Mac OS X (including Mavericks) has an integrated web-server. This is really handy if you need to do run through some basic development/testing from your Mac, without the trouble of finding/configuring a remote server.
Follow these steps:
1) Run the following from a terminal:
sudo launchctl load -w /System/Library/LaunchDaemons/org.apache.httpd.plist
2) Place html content into the folder /Library/WebServer/Documents/
3) Open web-browser and point to: http://localhost/filename
ars technica explains how to create a bootable install of Mavericks on a USB stick.
This is a nice to have if your harddrive ever goes south.
Curl is a command line tool for transferring data specified with URL syntax. libcurl is the library curl is using to do its job.
cURL is an awesome tool for talking to web-services via the command line. You can use libcurl if you need to embed cURL functions into an application, for example a test tool to exercise your Mac or iOS apps.
Phabricator is an open source collection of tools for:
reviewing and auditing code;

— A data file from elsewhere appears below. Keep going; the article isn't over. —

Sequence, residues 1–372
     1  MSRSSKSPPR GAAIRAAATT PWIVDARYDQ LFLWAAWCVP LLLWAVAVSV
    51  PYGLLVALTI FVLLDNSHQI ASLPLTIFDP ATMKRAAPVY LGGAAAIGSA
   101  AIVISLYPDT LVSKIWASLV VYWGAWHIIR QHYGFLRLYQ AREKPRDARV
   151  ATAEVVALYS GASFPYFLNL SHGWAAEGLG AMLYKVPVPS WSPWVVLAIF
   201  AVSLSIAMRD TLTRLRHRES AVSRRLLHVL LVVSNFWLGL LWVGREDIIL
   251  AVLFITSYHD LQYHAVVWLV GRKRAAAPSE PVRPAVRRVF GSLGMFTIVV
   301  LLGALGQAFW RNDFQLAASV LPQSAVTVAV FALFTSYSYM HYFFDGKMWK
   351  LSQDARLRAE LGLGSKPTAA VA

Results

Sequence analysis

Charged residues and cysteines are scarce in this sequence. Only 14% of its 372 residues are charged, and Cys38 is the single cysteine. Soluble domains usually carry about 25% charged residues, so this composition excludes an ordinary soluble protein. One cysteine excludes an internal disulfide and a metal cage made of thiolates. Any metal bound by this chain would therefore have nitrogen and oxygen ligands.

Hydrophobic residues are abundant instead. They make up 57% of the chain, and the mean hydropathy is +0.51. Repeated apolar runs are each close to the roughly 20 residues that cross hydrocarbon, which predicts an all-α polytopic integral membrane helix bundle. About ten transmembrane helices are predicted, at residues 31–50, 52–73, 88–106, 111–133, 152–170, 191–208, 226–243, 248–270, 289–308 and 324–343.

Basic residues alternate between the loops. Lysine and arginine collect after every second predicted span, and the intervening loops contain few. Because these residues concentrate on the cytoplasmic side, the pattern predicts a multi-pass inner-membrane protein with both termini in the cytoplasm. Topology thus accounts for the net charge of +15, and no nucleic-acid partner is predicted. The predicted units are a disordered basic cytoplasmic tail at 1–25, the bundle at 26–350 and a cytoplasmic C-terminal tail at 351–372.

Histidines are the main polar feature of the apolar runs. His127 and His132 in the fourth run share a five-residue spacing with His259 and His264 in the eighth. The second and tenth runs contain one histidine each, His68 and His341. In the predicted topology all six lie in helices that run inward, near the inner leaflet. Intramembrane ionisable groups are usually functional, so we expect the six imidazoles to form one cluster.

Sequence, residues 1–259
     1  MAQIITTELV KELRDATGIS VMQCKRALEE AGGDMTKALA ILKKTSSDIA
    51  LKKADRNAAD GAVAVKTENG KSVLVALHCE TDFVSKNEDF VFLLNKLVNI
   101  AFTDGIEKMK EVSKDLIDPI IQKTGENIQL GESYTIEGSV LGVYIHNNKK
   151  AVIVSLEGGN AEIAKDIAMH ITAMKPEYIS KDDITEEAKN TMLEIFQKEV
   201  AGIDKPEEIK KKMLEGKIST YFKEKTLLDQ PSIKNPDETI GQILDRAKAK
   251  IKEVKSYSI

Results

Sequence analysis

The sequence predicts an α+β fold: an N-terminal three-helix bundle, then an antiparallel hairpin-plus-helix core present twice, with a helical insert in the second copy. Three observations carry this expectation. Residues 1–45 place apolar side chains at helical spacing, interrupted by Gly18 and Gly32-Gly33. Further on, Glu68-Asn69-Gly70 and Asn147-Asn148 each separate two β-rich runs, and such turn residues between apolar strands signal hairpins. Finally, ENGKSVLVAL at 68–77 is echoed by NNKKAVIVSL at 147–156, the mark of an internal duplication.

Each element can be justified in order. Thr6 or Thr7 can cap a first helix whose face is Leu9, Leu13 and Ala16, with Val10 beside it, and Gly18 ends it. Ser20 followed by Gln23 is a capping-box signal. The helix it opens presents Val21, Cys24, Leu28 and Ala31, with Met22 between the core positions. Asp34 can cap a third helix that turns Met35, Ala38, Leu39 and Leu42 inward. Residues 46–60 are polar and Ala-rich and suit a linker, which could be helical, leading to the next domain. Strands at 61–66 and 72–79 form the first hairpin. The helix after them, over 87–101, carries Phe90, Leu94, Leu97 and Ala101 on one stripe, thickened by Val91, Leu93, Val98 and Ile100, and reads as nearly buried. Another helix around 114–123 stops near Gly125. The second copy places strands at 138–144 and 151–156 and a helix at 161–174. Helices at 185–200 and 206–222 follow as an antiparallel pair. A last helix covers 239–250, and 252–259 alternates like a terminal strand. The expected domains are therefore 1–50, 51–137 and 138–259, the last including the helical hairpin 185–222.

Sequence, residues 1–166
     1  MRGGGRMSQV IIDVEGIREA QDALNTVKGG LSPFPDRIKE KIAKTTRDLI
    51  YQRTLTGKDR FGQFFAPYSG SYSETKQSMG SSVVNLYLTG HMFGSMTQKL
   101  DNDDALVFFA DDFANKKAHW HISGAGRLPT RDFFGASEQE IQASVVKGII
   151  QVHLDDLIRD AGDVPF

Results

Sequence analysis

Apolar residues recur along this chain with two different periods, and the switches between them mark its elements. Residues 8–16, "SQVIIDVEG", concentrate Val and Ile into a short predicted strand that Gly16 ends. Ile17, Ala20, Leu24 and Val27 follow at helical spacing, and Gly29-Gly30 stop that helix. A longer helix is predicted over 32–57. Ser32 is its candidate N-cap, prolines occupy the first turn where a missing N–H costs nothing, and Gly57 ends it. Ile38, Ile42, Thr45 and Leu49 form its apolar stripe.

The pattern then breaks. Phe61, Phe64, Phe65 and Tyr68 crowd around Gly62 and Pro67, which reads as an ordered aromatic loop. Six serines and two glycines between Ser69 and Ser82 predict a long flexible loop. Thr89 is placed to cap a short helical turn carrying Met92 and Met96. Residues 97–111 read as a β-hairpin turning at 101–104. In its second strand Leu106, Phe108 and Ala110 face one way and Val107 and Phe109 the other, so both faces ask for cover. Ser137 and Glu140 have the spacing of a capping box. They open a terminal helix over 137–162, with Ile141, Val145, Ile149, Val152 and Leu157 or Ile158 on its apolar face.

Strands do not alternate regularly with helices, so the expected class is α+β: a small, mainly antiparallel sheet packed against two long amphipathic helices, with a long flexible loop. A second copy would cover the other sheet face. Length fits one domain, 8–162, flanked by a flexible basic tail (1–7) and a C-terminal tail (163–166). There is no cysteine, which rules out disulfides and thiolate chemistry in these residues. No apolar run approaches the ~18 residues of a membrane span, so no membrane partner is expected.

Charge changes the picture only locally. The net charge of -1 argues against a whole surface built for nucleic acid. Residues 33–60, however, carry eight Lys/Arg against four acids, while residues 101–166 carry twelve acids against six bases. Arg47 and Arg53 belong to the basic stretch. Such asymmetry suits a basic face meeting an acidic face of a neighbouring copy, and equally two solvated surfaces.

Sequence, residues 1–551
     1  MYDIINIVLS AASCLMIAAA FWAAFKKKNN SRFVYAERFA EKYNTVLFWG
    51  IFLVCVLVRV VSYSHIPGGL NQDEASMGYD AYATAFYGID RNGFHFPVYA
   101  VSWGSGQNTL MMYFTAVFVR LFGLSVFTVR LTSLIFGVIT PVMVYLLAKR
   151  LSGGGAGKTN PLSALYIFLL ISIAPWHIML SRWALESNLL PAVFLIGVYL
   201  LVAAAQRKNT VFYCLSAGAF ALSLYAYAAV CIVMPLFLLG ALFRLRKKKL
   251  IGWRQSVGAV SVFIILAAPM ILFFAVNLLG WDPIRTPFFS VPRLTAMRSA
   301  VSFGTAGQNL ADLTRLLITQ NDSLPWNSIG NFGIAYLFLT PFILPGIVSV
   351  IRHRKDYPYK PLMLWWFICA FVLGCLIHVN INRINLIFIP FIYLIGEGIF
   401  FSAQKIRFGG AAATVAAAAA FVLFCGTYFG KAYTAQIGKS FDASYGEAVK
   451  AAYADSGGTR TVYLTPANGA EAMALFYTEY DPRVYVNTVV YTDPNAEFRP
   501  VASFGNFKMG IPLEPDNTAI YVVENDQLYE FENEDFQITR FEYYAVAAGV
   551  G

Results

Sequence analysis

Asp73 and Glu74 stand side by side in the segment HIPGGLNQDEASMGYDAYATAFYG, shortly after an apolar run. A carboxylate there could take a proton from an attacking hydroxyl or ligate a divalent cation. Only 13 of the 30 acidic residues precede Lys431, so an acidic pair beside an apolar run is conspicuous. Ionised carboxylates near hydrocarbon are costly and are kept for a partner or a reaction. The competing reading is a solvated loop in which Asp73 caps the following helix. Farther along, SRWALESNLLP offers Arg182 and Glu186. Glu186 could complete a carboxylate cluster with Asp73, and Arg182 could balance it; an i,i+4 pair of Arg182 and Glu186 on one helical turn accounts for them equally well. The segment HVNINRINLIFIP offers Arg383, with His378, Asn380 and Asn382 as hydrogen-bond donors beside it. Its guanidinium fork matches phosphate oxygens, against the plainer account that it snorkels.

hiding stuff from coworkers; and
also some other things.
so features; such applications;
In addition to the GUI interface, there are command line tools available.
One of the wonderful(?) things about Objective-C is that it’s based on C. Part of the power of C is bit-bashing, where you can manipulate individual bits inside of a piece of memory…That being said, there are times where bitwise operations appear in the Cocoa APIs, so it’s good to be comfortable with a couple of basic operations.
With that intro, Mark Dalrymple of Big Nerd Ranch covers the basics of working with bits and the related operators.
Rasmus Andersson is the developer of LazyDispatch:
I’m a lazy person and so it hurts me when I have to write so much to do such common things as to schedule various blocks of code in various dispatch queues. This little thing lets me write less code with the added bonus of making the result more readable.
LazyDispatch includes code to simplify usage of dispatch queues, blocks and timers.
Dr. Drang writes a Python script to capture iOS app screenshots, overlaying the status bar for consistency.
If you are just getting started with Python, this is a good example that demonstrates some basic image manipulation with Python.
By default, Quick Look does not allow copy/paste when previewing a document. Here’s a quick fix.
From a terminal enter the following:
$ defaults write com.apple.finder QLEnableTextSelection -bool TRUE;
$ killall Finder
Mike Ash does a bang up job answering this question:
There are two NSObjects in Cocoa, a class and a protocol. Why both? What purpose do they serve?
Mike briefly covers namespaces, root classes, proxies and protocols.